How CO₂ actually causes Warming and Climate Change
The chains of basic physics that bind our civilization
A lot of basic science explained.
It is radiation that moves energy in a vacuum
The first principle: a planet (or any object in space or in a vacuum) can only gain or lose heat through radiation. The energy from the Sun arrives in the form of radiation. Earth’s energy departs as radiation.
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Same thing happens with satellites and thermal management is a major topic in satellite design.
The energy radiated depends on the temperature of the surface as seen from space.
(technically this is called Planck or black body radiation and it is the fourth power of the absolute temperature but those details are not relevant at this level)
When it’s a satellite, the surface that radiates is clearly visible as the edge of the satellite. When it is a planet with an atmosphere, the surface is the atmosphere.
So, the radiating surface is fuzzy, and quite certainly not the surface you are standing on at present.
The Energy Balance
The second principle: For the temperature of the object in space to remain the same, the energy that goes in has to equal the energy that goes out. This is a fundamental law of thermodynamics. This energy is always radiation when it is in space.
(I learned it in Engineering as the gozintas have to equal the gozoutas. Engineers have weird ideas about what is funny sometimes).
If the energy in is different from the energy out, the temperature changes until a new stable level of incoming and outgoing radiation is achieved.
How energy is transferred
The third principle: There are 3 means of heat (energy) transfer here on earth.
Conduction - This happens when two objects at different temperatures are in direct contact with one another.
Convection - which allows a substance that is liquid or gaseous to transfer the energy as the substance itself is transferred, and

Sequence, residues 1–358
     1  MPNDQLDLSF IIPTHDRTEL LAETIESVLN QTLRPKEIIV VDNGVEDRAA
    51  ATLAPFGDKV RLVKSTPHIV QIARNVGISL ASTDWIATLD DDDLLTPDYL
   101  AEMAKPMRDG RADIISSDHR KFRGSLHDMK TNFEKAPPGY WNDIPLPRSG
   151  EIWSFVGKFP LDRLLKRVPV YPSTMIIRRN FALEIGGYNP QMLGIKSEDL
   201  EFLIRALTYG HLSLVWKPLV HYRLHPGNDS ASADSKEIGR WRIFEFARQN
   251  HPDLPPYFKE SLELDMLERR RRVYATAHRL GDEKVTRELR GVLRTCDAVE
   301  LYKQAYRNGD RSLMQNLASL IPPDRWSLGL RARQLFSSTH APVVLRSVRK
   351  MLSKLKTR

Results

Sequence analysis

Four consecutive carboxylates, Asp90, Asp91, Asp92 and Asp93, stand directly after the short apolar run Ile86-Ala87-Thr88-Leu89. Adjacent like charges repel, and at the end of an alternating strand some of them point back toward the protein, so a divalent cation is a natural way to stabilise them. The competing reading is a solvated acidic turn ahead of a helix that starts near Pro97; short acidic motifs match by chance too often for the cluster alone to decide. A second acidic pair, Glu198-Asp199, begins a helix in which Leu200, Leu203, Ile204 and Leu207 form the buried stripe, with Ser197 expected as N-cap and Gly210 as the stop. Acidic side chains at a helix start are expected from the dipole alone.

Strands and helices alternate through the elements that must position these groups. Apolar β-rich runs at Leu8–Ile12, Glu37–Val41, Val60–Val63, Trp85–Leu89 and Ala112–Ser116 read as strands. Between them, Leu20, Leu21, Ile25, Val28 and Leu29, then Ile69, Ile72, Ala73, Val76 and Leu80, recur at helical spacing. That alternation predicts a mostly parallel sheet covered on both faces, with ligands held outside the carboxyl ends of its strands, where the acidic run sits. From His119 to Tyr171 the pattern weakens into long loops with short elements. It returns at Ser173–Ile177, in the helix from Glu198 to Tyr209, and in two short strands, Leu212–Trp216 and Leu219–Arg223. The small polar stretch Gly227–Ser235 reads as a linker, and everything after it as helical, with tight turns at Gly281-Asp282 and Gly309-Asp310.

Radiation - which depends on the temperature of the object and works everywhere.
It’s all photons
The fourth principle: the energy that comes in or goes out as radiation is made up of photons. The tiny packets of energy have specific wavelengths, which determine how much energy each photon contains. I will not attempt to explain photons here.
CO₂, CH₄ and H₂O are different from the principal components of the atmosphere, O₂ and N₂. If you look at their representations, the difference is clear. O₂ and N₂, oxygen and nitrogen molecules which make up the bulk of the “million” in the parts per million (ppm) that we use to measure the concentrations consist of 2 of the same atomic element. They have one atomic bond, while the first 3 have more than one.
This is important. It gives CH₄, CO₂ and H₂O the ability to absorb low levels of incoming energy as vibrations of the atoms held in place by the atomic bonds. This is independent of temperature. It is latent energy rather than conduction or convection.
When any of these Greenhouse Gases absorbs a photon of IR it will have a little more energy which it can transfer by collision (conduction) to any other molecule including the non-greenhouse gases, and it will re-emit that energy in a random direction after a very short period of time measured in milliseconds. At sea level the energy is usually transferred to another molecule of the atmosphere in less than 1 millisecond, but it can also get energy back from those molecular collisions.
O₂ and N₂ do not have this ability. They cannot efficiently absorb IR photons, which pass through them without causing any changes.
Capturing photons at different energy levels
The light from the Sun is very energetic because the Sun has an internal source of energy, nuclear fusion, which is energy it also must get rid of to maintain a stable temperature. This means that the Sun is extremely hot. On the absolute (Kelvin) scale, it is usually regarded as being roughly 5778° Kelvin.1
As a result, the photons of energy it sends to Earth are mostly not Infrared (heat), but instead are visible light and ultraviolet light. These cannot be captured by a greenhouse molecule (The IR it sends contributes to the total energy absorbed by the planet, but never reaches the surface).
The Earth does not warm through fusion power, so it is far cooler; roughly 288° Kelvin at the surface. The Earth radiates almost entirely in the infrared.